A new report shows that high quality sustainable office design is not only good for the planet, it’s good for your staff’s wellbeing and productivity too
One thing we know for certain is that sustainability has become much more important in the boardroom in recent years. In 2013, a UN survey1 of global CEOs found that:
- 93% regarded sustainability as key to the future success of their business
- 63% expected sustainability to transform their industry within five years
- 76% believed that embedding sustainability into core business would drive revenue growth and new opportunities.
According to Verdantix2, corporates may be prepared to increase their spend on sustainable products and services by 5% every year through to 2017, culminating in almost $50bn dollars annually by that time. This no doubt reflects the growing interest from consumers to purchase sustainable products, which justifies the additional investment corporations are prepared to make into the creation of sustainable brands.
But CEOs are also increasingly aware that their company’s brand can provide staff with a shared sense of purpose, while serving as a distinctive identity and source of inspiration. Yet in a 2013 poll of employees worldwide, Gallup found that only about 13% (one in eight) are actively engaged – that is sufficiently psychologically committed to make positive contributions to their organisations. Such low levels of employee engagement must surely hinder economic productivity and therefore impact somewhere on the balance sheet.
What may appear to be a modest improvement in employee health or productivity can have a significant financial implication for employers
So what can businesses do to boost brand loyalty among staff so as to increase engagement and productivity? One solution which would appear to be simple is to improve the design of the buildings in which their staff are located. JLL was a sponsor and active participant in a World Green Building Council study3 published this September which provides overwhelming evidence demonstrating that the design of an office impacts the health, wellbeing and productivity of its occupants.
Obvious visible factors such as interior layout, look and feel, access to views and biophilia can not only boost workers’ ability to concentrate, collaborate, and be creative. They can also significantly alter their perception of the workplace as a place that they want to be in because it improves their quality of life and overall sense of wellbeing. Less visible factors such as indoor air quality, thermal comfort, daylighting and noise are also proven to impact on employees’ health and overall productivity.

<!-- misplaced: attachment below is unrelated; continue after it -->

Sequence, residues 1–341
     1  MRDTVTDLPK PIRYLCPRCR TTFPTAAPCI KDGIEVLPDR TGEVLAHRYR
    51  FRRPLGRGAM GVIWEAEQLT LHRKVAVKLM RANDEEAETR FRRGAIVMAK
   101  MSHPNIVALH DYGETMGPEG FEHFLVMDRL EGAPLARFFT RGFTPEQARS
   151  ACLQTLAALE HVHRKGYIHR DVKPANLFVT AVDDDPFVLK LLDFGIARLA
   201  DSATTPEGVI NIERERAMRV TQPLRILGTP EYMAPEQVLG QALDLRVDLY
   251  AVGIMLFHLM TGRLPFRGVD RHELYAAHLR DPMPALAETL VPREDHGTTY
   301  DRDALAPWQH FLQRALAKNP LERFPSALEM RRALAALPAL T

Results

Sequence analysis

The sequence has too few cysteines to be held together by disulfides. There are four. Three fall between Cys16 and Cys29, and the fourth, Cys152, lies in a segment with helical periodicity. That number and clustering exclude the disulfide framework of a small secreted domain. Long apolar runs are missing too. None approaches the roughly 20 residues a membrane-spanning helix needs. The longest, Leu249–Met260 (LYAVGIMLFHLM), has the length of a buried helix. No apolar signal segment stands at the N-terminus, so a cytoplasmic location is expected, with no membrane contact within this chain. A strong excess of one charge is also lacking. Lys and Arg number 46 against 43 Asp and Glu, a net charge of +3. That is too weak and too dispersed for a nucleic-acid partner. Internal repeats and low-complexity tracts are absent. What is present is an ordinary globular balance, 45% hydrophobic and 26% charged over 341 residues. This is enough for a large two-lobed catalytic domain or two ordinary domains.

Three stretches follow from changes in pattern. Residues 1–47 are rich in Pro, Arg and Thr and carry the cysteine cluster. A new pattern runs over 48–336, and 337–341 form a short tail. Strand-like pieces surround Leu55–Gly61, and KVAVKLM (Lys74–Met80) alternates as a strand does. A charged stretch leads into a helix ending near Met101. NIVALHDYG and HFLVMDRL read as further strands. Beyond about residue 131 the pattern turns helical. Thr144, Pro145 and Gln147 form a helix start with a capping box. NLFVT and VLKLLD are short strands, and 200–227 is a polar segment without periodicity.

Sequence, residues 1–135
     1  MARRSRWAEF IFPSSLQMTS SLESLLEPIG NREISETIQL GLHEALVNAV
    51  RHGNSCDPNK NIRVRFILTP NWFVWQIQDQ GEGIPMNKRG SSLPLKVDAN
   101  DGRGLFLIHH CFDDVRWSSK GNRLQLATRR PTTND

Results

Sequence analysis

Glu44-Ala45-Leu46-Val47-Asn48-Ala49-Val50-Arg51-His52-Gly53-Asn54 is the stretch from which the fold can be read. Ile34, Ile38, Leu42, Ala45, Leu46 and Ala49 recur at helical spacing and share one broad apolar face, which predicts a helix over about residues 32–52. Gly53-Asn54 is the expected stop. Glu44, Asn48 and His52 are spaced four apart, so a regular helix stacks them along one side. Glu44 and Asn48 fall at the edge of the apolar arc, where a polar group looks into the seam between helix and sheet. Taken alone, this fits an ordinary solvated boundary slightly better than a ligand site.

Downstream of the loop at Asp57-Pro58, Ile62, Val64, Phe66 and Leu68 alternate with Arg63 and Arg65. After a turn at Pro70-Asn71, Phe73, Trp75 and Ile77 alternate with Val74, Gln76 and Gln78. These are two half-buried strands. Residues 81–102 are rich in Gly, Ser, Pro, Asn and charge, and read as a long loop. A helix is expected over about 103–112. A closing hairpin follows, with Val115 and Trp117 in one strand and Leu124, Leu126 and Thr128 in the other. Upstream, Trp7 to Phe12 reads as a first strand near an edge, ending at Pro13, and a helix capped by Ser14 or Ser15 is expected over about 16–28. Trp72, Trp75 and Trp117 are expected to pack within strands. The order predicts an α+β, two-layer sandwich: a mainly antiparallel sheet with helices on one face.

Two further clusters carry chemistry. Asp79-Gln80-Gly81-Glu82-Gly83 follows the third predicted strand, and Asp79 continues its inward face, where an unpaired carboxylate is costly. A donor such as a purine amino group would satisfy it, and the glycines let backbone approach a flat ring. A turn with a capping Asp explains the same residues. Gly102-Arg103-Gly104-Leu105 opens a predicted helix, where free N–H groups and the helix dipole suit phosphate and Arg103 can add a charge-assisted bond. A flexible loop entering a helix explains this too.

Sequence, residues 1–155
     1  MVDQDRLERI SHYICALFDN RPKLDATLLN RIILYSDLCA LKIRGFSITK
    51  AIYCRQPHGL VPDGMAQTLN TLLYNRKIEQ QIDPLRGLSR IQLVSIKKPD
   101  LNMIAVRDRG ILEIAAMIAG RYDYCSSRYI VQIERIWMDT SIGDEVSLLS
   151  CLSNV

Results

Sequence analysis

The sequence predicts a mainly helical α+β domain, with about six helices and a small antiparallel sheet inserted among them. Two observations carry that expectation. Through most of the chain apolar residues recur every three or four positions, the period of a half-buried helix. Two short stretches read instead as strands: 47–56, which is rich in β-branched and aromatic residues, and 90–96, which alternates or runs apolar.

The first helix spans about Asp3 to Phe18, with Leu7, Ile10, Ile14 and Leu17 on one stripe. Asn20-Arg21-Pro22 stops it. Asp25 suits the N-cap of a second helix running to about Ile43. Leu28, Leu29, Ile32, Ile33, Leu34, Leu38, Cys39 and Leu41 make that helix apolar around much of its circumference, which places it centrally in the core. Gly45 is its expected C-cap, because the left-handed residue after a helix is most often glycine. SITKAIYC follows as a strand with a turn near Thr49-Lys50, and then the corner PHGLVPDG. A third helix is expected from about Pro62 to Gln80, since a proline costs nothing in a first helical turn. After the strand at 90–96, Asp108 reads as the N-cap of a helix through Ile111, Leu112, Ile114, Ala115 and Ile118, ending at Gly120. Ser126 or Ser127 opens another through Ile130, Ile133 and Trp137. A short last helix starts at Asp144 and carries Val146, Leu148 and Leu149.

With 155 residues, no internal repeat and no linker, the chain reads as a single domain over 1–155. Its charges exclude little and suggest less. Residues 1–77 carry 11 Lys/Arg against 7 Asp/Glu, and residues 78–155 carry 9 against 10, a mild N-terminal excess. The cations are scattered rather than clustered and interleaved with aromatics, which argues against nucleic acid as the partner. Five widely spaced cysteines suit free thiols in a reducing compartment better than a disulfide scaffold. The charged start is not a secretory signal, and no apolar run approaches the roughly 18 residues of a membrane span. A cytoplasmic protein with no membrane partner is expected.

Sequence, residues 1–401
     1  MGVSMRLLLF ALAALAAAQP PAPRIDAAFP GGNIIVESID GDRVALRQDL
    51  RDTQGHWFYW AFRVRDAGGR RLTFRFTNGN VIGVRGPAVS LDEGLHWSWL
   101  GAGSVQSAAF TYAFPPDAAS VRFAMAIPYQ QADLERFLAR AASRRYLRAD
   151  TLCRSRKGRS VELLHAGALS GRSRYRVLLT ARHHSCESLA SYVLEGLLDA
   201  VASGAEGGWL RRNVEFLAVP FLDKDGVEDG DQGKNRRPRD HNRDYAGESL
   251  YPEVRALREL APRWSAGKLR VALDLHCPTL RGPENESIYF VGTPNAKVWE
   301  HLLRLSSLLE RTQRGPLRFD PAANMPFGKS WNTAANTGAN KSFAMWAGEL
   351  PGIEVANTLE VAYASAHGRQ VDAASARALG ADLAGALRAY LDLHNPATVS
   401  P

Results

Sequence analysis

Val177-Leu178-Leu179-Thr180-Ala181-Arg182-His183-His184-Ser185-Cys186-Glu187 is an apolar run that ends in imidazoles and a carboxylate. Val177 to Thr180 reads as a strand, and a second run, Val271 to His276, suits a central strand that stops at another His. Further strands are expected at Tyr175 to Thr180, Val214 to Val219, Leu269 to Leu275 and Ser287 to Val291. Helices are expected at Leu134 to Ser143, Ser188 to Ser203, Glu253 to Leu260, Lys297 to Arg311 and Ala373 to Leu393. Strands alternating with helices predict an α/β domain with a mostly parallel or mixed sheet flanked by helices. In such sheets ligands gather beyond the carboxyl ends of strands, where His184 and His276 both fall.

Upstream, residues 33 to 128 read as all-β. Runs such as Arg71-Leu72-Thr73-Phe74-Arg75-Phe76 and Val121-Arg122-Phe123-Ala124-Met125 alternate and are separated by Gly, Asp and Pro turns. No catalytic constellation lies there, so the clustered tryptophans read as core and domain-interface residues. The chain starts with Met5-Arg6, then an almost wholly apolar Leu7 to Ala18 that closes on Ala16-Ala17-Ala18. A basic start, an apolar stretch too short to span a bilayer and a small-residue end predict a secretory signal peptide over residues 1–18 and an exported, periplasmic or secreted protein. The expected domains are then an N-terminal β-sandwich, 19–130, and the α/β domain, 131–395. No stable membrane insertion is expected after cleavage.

And many of these factors – although not all – also happen to be good for the planet. Daylighting and access to windows reduces the need for artificial lighting which in turn reduces the energy intensity of buildings. Plants and living walls naturally reduce the concentrations of carbon dioxide in buildings and thereby improve the air quality for occupants. Cycling facilities, green spaces, and active design encourage staff to exercise more and use more sustainable modes of transport both within and beyond the building while also improving health and wellbeing. Sustainably sourced finishes such as carpets, paints and furniture which have fewer chemicals and a lower environmental footprint can have substantially beneficial health impacts on occupants.
So it appears that high quality sustainable building design can offer a sweet spot to C-suite executives who are looking to increase employee engagement and improve sustainability performance simultaneously. The really attractive part of the proposition lies in the financial benefits that this may generate. Not only do high quality workplaces reduce the incidence of sickness, absenteeism and medical costs, but they are also shown to increase staff retention and boost revenue from improved productivity.
Employees represent the single greatest cost to any business given that staff costs, including salaries and benefits, typically account for about 90% of a business’ operating costs. So what may appear to be a modest improvement in employee health or productivity can have a significant financial implication for employers. On this basis, tweaking the office environment to ensure a more healthy, happy and productive workforce seems like a no-brainer.
The beauty of this new WGBC report is that it doesn’t just prove this for any sceptics out there who may not believe in such correlations, but it also provides a high level framework for employers to use to begin tracking the impact of their buildings on their employees. The framework recommends the measurement of three different performance factors:
1. Financial or organisational outcomes (e.g. absence rates, staff turnover, medical costs, revenue)
2. Physical office itself (temperature, light levels etc),
3. The perception of office workers by way of qualitative feedback.
Tracking this data will enable further improvements to be made, and provide more meaningful information to the board when making decisions about sustainability, brand, productivity or HR.
So although sustainability has yielded significant benefits to date in terms of facilities management and operational efficiencies, it is clear that its true potential may yet lie untapped through its ability to underpin brand and employee loyalty.
And what better way of telling employees, consumers, regulators, watchdogs and suppliers of a company’s values and culture than to express it physically through the bricks and mortar where it is housed. We can expect businesses to become much more savvy about leveraging the brand benefits of buildings where they are located in view of the ever-growing war on talent and drive towards more sustainable enterprise.
Julie Hirigoyen is UK head of sustainability at JLL